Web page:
Editorial: Missteps on council 'reforms'


Considering recent controversies suggesting a lack of sensitivity of current City Council members to the need for transparency and public outreach, the council showed more of the same tone deafness this week in dealing with two very old ideas that suddenly re-emerged as urgent items.

Were it not for a new state law about which the council was informed just prior to its meeting Monday night, two dormant but significant changes to the way Palo Alto is governed could have been on their way to a special election ballot this November at a cost of $350,000 or more.

We have no objection to re-opening a community discussion on reducing the size of the council from nine to seven members or of increasing the term limits from eight years to 12, but doing so by seeking to rush these changes through in two weeks, as three council members (Nancy Shepherd, Liz Kniss and Gail Price) proposed, is both mystifying and a disservice to the community.

As Councilman Pat Burt appropriately asked, what was so important or urgent about these proposals that they required action after 11 p.m., directing the city attorney to draft ballot language without any agreement on what it should say and without any effort to seek public input?

Amazingly, Burt's motion to continue the item to a future meeting failed when it only received support from council members Karen Holman and Greg Schmid.

So what's going on here? And why, having rushed to direct preparation of a ballot measure to make an undetermined change to the current eight-year term limit, did the council then decide to postpone discussion on reducing the size of the council?

While Vice Mayor Shepherd told the Weekly she was relieved that there is no longer any time pressure because the changes in state law mean the earliest any measure to change the city charter could appear on the ballot is next June, and possibly next November, she couldn't explain why she and her colleagues felt urgency in the first place.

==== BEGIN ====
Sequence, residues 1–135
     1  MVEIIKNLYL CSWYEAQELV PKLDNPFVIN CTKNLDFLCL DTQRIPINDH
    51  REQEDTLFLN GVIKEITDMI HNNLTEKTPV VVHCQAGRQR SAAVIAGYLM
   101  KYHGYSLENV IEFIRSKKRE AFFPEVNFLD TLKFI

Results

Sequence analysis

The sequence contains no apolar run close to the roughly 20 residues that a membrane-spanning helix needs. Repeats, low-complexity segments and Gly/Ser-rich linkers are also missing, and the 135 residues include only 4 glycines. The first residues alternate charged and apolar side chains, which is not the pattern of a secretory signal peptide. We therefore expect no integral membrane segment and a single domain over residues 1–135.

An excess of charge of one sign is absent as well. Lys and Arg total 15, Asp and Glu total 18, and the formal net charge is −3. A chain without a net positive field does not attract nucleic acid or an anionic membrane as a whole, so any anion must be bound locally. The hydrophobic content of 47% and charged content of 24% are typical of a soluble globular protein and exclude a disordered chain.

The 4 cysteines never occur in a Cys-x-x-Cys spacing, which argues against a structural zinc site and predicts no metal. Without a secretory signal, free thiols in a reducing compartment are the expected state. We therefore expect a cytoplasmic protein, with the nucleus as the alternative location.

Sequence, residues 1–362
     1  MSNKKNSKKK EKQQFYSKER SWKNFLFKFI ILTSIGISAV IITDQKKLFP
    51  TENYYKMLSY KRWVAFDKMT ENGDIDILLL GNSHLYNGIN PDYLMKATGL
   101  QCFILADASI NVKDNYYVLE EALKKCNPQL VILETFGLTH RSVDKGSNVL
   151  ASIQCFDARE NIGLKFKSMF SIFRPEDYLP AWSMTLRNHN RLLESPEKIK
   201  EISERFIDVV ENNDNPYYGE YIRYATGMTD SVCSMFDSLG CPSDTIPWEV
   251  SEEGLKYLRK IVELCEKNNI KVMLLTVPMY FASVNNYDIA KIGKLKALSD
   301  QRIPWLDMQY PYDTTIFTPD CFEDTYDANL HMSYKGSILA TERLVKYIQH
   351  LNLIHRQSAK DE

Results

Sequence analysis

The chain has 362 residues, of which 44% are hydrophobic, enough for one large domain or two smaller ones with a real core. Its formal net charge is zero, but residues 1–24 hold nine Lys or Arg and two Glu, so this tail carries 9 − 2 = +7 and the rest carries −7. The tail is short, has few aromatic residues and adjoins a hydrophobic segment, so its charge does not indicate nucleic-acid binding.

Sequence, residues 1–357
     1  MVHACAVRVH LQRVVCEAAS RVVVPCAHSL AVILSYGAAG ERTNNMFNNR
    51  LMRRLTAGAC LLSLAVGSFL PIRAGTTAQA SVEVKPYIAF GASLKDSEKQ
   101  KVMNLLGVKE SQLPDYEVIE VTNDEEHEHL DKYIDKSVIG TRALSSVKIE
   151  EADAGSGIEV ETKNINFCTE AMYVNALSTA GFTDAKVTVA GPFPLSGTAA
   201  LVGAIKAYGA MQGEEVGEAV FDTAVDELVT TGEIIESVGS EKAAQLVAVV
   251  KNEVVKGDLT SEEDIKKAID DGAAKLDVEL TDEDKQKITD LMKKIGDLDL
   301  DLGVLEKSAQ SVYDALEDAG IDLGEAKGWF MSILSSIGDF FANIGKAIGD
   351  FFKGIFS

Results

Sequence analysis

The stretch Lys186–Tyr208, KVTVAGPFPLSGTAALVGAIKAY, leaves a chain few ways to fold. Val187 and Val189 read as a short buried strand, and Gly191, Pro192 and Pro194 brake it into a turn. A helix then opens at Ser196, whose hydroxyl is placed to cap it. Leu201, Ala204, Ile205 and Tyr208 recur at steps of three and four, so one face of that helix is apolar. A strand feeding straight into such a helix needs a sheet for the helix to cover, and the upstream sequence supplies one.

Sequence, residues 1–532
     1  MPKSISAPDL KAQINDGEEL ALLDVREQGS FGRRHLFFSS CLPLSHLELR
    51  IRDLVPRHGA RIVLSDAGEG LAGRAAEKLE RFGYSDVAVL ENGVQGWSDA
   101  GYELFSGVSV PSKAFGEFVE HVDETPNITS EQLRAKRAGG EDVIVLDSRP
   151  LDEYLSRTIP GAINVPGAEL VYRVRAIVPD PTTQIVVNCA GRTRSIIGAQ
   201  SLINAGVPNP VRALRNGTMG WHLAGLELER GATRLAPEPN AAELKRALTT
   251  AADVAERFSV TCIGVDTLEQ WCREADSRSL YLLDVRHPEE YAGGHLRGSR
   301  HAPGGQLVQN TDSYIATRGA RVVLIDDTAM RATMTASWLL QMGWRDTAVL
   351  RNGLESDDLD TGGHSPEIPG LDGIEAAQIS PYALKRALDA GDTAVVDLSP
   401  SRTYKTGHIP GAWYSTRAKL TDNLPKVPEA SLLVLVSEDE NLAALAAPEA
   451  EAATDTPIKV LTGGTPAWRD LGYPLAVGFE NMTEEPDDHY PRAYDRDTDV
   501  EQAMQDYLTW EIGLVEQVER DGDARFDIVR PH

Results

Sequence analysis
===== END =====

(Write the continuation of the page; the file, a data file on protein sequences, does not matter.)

The most logical explanation of why the issue has suddenly re-emerged is that it would allow Larry Klein, the only member of the council who will be termed out next year, to seek a third, four-year term in the November 2014 council election.

If that is the hidden agenda of the sponsors of this change, Klein didn't help it any by attacking all term limits as "undemocratic" because they denied the rights of incumbent office holders from running for office for as long as they wanted and were re-elected.

Since voters in Palo Alto already rejected that argument when they passed term limits in 1991 (by 58 percent,) Klein came off as both arrogant and disrespectful of the voters. For someone who is on his way to having served 17 years on the council, including three terms as mayor, it is difficult to feel that extraordinary and urgent steps are needed to give voters the opportunity to elect him again.

And it is particularly galling that the council would give any thought to holding a special election instead of placing it on a regular, general-election ballot.

Although we don't find the reasons to extend term limits particularly compelling, the best case for it is that our council representatives to regional bodies are never able to advance to leadership roles in those bodies.

If that's the best argument, there better be some clear and convincing examples of where our interests were trampled because of this lack of leadership service. So far, we've seen none.

While we believe term limits have been shown to cause problems at the state level, at the local level they ensure a regular flow of fresh talent and healthy turnover. In the 10 years since being implemented in Palo Alto, we can't see how the city has suffered because council members had to step down after eight years. No one individual is irreplaceable, and we prove that repeatedly with the election of capable, new council members.